Loan Apps that Violate CBK Rules Will be Removed from Google Play


Google has removed illegal loan apps from Kenya’s Play Store, the marketplace for Android smartphones.

As of January 31, 2023, Google will require instant lending apps running in Kenya to provide proof of a license from the Central Bank; otherwise, Google will remove the apps from the Play Store. According to the Central Bank Amendment Act of 2021, this is done.

The deadline for Digital Credit Providers to submit new licence requests to the Central Bank was September 17, 2022, or they would be forced to shut down their lending operations.

According to the Central Bank’s most recent statement, only 10 of the 288 loan applications that requested permits have been approved.

In order to be accepted as a mobile digital lender in Kenya on the Google Play Store, according to Google;

  • Digital Credit Providers (DCP) should complete the DCP registration process and obtain a license from the Central Bank of Kenya (CBK). A DCP must provide a copy of the license from the CBK.
  • A platform that is not directly engaged in money lending activities and is only providing a platform to facilitate money lending by registered DCP(s) to users will need to accurately reflect this in the declaration while providing a copy of the DCP license of the respective partner(s).
  • Google said it will only accept declarations and licenses from entities published under the Directory of Digital Credit Providers on the official website of the CBK.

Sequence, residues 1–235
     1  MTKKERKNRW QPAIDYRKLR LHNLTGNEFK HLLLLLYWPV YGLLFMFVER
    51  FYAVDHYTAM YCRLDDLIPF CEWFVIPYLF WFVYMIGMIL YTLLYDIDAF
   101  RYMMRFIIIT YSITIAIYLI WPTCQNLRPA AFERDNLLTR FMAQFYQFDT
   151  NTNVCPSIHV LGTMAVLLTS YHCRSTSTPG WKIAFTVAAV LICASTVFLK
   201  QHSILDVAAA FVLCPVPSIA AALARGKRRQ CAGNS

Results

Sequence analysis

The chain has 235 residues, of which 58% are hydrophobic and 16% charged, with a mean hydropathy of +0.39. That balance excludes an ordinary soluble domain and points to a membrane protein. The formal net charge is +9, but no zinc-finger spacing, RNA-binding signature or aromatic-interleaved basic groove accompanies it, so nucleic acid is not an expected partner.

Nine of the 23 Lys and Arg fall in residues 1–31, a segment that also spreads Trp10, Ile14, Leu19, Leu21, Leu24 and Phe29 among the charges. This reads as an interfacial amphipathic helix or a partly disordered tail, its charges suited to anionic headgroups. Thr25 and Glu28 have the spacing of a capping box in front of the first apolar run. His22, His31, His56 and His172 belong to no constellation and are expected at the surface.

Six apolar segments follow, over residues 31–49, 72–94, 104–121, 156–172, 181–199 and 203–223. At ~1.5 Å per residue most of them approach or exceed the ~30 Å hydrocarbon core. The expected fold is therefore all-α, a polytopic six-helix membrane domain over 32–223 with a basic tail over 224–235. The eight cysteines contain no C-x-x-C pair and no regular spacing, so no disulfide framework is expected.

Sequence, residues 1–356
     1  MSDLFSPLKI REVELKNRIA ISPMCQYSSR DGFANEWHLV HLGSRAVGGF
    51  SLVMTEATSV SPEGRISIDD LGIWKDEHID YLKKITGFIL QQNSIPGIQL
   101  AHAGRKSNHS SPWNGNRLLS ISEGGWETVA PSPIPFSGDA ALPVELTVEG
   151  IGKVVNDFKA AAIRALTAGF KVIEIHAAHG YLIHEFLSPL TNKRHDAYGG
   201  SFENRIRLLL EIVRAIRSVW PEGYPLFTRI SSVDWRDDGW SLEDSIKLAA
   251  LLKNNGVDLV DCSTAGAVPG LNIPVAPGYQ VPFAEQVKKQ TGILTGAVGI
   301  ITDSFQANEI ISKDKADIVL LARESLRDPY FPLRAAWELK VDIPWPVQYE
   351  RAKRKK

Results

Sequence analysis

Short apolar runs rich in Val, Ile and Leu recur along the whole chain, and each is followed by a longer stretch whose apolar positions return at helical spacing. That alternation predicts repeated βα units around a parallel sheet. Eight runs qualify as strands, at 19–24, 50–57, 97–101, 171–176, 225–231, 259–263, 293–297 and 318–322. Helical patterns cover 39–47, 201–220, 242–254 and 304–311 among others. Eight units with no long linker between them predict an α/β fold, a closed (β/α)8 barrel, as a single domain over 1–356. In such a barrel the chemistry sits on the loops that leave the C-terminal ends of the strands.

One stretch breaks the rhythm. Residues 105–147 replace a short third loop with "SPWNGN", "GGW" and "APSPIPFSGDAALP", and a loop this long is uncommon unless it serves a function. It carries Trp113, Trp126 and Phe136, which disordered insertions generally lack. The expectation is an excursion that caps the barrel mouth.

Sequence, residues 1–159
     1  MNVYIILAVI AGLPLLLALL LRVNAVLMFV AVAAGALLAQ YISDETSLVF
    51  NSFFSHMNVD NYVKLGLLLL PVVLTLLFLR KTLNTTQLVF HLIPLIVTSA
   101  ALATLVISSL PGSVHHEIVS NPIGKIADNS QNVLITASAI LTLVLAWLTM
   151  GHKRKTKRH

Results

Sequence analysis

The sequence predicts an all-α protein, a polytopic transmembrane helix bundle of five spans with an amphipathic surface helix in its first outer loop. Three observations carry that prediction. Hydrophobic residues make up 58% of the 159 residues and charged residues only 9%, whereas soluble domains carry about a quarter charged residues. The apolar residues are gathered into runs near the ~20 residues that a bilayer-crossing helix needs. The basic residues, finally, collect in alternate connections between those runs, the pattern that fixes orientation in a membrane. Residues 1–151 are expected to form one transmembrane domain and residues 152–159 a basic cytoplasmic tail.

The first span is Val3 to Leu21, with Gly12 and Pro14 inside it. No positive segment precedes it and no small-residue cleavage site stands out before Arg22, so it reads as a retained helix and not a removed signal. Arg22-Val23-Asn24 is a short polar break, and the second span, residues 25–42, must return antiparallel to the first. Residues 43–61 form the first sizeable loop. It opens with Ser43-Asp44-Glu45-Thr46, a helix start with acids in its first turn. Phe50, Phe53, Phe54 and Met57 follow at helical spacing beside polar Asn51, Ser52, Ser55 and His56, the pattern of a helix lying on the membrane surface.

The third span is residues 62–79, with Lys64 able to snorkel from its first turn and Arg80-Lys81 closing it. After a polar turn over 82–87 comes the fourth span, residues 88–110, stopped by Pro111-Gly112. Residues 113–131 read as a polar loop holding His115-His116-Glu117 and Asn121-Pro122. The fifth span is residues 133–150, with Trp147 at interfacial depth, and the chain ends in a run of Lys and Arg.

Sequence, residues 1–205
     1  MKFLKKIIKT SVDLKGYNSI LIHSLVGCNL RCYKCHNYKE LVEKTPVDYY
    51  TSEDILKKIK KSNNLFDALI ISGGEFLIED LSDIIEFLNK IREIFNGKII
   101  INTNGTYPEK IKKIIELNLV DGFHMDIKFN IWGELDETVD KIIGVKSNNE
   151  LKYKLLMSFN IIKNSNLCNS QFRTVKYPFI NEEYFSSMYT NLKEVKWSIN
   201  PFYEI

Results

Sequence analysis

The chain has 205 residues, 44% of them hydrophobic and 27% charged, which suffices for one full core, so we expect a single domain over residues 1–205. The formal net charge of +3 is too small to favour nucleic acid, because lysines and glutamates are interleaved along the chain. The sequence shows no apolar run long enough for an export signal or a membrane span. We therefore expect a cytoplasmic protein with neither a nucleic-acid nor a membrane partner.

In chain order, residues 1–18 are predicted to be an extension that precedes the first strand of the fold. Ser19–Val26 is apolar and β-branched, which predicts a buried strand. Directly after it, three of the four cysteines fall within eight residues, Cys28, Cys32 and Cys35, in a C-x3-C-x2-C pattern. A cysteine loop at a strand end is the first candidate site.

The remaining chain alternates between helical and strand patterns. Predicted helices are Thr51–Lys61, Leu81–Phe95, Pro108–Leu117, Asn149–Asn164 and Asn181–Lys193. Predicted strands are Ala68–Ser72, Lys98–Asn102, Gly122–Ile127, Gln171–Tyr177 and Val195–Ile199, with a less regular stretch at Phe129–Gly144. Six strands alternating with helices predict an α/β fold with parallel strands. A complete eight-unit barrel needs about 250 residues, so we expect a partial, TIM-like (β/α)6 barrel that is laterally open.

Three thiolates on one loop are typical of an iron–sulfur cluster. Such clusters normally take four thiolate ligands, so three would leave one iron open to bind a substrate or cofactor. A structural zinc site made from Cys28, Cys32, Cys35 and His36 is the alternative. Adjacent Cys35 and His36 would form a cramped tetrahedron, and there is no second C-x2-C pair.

Google claimed that the new update is a necessity for personal loan apps in Kenya, Nigeria, the Philippines, Indonesia, and Kenya, one of the few nations in the world to have passed legislation governing the mobile digital lending sector.

Regulation of Mobile Loan Apps by CBK

Google’s response also follows several customer concerns that compelled the Central Bank to develop a set of rules for online lending companies to abide by. The extensive list of rules includes the disclosure of all unstated costs, the prevention of unethical debt collection techniques, the source of funds for the company owners, the pricing model and parameters, the certificate of good conduct, the tax compliance certificate, and the CRB report for each shareholder, director, and senior officer.

Unregulated rapid loan companies have often targeted people from low-income groups who were seeking quick access to funds but lacked a thorough understanding of the loan procedure. Even while these rapid lending apps offered tiny loans of up to 50,000 Kenyan shillings, several of them had interest rates of over 100% a year and similar late payment fees.

These apps would also be able to access the user’s complete contact list. These platforms would contact the defaulting customers’ family and friends and harass them with abusive messages if they did not pay back the loans. They would also charge exorbitant interest and penalties and contact their family and friends.